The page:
The main proposals by Lord Smith of Kelvin's Commission for further devolved powers, and how they may be taken forward

No doubt everyone in Scotland is now aware that the Smith Commission has published its report, setting out heads of agreement for devolving further powers to the Scottish Parliament. The report is commendably brief at just 28 pages, though that may, of course, be because the short timescale didn’t allow for anything longer.

The key recommendations on tax had been broadly trailed, and are:

  • devolving to Holyrood the power to set the income tax rates and bands applying to earned income (i.e. not income from savings or dividends) of Scottish taxpayers (a term already defined in the Scotland Act 2012), with the revenue therefrom going to the Scottish Government – the personal allowance, tax reliefs and the definition of the tax base will remain reserved;
  • allocating a share of “Scottish” VAT revenues (“receipts raised in Scotland by the first 10% of the standard UK VAT rate”, however those are to be defined) to the Scottish Government;
  • and devolving air passenger duty and the aggregates levy.

The Scottish Government’s borrowing powers are also to be expanded, though the report leaves that to be agreed between the Scottish and UK Governments.

Certain aspects of the tax proposals may sow the seeds of future controversy, such as the need to design a mechanism for reducing the block grant in light of the new tax powers (particularly given the report’s requirement that the mere act of further devolution should make neither Scotland nor the rest of the UK worse off). Statements to the effect that the UK and Scottish Governments should each bear the costs (or reap the rewards) of their own policy decisions may also prove challenging, given the difficulty in attributing particular revenue increases or shortfalls to particular policies.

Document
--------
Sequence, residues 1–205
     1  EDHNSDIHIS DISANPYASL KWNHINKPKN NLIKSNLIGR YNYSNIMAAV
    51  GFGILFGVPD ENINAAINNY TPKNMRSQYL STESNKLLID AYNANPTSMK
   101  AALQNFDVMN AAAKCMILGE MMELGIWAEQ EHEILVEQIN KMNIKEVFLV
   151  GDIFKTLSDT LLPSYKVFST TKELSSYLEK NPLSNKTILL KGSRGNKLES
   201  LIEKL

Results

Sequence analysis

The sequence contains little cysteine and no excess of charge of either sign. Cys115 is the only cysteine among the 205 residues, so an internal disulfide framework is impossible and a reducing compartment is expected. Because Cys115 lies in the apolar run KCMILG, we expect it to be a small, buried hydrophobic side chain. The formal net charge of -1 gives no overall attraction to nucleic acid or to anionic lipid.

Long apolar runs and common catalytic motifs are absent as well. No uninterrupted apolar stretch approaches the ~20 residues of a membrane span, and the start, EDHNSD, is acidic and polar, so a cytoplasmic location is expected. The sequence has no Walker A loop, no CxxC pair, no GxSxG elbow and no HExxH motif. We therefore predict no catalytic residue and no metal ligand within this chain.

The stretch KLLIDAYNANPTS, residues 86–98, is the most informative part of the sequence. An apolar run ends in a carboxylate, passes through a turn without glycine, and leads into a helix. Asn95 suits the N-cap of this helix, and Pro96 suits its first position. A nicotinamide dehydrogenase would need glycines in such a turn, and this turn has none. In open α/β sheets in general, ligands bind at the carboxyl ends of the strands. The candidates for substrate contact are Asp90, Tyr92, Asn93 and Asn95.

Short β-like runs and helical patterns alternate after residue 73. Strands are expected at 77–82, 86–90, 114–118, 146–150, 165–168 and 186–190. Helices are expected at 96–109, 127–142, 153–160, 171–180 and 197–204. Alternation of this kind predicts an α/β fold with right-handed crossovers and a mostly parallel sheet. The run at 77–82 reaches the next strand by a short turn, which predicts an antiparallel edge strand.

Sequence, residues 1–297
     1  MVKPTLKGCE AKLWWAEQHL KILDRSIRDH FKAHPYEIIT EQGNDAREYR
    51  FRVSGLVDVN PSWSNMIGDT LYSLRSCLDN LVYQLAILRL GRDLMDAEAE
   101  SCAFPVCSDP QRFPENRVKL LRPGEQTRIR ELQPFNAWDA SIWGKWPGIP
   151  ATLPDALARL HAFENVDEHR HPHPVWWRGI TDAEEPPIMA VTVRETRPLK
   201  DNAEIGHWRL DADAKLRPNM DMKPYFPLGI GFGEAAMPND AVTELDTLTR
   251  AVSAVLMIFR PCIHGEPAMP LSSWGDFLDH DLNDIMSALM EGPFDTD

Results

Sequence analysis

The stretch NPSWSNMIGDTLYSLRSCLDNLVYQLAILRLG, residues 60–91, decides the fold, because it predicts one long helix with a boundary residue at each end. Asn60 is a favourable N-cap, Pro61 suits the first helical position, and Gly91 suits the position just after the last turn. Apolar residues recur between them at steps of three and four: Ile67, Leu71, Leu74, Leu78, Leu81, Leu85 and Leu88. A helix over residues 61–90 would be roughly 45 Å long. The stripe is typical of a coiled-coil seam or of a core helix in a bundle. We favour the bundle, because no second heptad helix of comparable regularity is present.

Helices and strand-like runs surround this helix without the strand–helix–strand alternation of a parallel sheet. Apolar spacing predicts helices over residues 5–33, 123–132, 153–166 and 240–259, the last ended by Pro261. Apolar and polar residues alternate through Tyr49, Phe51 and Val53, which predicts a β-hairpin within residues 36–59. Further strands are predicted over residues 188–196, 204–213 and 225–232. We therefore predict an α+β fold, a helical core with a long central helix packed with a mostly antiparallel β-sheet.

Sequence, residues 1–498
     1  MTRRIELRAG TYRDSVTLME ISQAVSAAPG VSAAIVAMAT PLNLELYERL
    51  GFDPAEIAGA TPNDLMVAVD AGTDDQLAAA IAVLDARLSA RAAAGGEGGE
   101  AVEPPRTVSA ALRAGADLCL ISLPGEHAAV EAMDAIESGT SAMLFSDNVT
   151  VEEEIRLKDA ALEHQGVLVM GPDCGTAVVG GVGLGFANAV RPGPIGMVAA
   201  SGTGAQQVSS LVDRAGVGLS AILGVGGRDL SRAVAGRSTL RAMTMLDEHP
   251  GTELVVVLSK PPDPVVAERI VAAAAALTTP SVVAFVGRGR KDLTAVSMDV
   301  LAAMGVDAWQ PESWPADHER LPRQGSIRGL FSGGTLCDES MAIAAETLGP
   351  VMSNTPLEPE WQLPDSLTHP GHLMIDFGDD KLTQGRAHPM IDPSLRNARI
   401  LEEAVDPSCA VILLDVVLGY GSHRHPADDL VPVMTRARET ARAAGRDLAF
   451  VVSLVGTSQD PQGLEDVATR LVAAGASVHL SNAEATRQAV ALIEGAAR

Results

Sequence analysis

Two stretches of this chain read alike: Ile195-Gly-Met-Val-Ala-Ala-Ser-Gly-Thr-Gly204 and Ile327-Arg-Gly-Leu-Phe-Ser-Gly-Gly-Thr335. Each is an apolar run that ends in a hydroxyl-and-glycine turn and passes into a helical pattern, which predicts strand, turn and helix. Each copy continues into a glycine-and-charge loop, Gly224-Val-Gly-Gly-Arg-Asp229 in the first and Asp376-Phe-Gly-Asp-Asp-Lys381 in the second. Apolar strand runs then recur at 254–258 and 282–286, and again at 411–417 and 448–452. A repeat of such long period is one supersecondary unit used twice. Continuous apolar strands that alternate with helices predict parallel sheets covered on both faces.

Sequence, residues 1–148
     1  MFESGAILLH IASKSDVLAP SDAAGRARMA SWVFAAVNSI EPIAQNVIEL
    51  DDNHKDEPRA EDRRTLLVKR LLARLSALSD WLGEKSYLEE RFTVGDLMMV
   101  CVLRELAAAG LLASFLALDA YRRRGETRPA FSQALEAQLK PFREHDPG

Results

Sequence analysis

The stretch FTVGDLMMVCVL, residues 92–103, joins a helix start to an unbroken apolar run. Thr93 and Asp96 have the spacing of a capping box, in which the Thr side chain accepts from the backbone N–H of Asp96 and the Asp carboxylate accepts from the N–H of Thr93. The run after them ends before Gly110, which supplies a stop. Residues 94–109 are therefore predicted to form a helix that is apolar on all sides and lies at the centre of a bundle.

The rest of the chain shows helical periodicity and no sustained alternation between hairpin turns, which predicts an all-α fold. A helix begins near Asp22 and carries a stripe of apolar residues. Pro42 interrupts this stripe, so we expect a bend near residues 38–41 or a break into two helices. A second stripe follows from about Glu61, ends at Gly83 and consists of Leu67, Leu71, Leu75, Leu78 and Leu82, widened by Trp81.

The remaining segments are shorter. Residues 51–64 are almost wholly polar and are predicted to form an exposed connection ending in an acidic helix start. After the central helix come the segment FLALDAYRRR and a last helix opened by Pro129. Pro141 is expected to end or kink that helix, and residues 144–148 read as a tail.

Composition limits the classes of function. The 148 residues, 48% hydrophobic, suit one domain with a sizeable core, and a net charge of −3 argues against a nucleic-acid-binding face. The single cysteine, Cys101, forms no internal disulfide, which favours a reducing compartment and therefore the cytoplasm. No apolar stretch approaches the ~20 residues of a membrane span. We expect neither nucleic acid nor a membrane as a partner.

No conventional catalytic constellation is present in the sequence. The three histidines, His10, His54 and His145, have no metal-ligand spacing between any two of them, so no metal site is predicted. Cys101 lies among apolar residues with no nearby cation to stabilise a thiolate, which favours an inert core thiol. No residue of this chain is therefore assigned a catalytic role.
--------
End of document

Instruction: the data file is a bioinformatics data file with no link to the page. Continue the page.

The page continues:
Away from taxation, the report proposes significant new responsibilities for the Scottish Parliament in areas such as:

  • control over Scottish Parliament and local government elections (including adding 16 and 17-year-olds to the franchise in time for the 2016 election), subject to any changes to the Parliament’s own franchise, electoral system or member numbers requiring a two-thirds “super majority”;
  • the management of, and proceeds from, the Crown Estate’s Scottish economic assets;
  • the power to create new benefits in devolved areas and make “top-up” payments in any area of welfare, plus devolution of benefits that support the elderly, carers, the disabled and the ill. The new universal credit will remain reserved, though the Scottish Parliament will be able to vary the housing cost element and certain administrative aspects (such as the frequency of payments and paying landlords directly for housing costs);
  • the administration of all tribunals (including employment tribunals) except the Special Immigration Appeals Commission and Proscribed Organisations Appeals Commission;
  • the licensing of onshore oil and gas extraction;
  • power to require the Competition & Markets Authority to carry out a phase 2 market investigation further to a market study carried out at the Scottish Government’s request;
  • powers over consumer advocacy and advice, and to “prevent the proliferation” of payday loan shops and fixed-odds betting terminals.

Lord Smith also used his foreword to recommend some changes outside the scope of his remit, including greater devolution from the Scottish Parliament to local communities; improving oversight of the Parliament; and improving the “relatively weak [public] understanding of the current devolution settlement”.

The UK Government has undertaken to publish draft clauses implementing the report’s proposals by 25 January 2015. Note the reference to draft clauses rather than a full draft bill, which may be a gesture of sympathy towards whichever poor draftsman ends up being tasked with turning these (in some cases quite vague) proposals into statutory language within that timescale. A bill will then be introduced in the next Parliament following May’s general election, though if no party wins a majority its precise form could become an issue in negotiations over who will form the Government (particularly if there is a large SNP contingent seeking more than the Commission has proposed). The constitution may therefore remain high on the agenda for a good while yet.

The Smith Commission has recommended a potentially significant package of reforms to the scope of the Scottish Parliament’s powers. It will take time for these changes to be enacted and then actually come into effect, and it may of course be a good while longer before the Scottish Parliament actually legislates in many of the relevant areas. There is nevertheless significant food for thought as to what potential changes might come further down the line.

The Author
Charles Livingstone is an associate in the public law team of Brodies LLP t: 0131 228 3777; e: 
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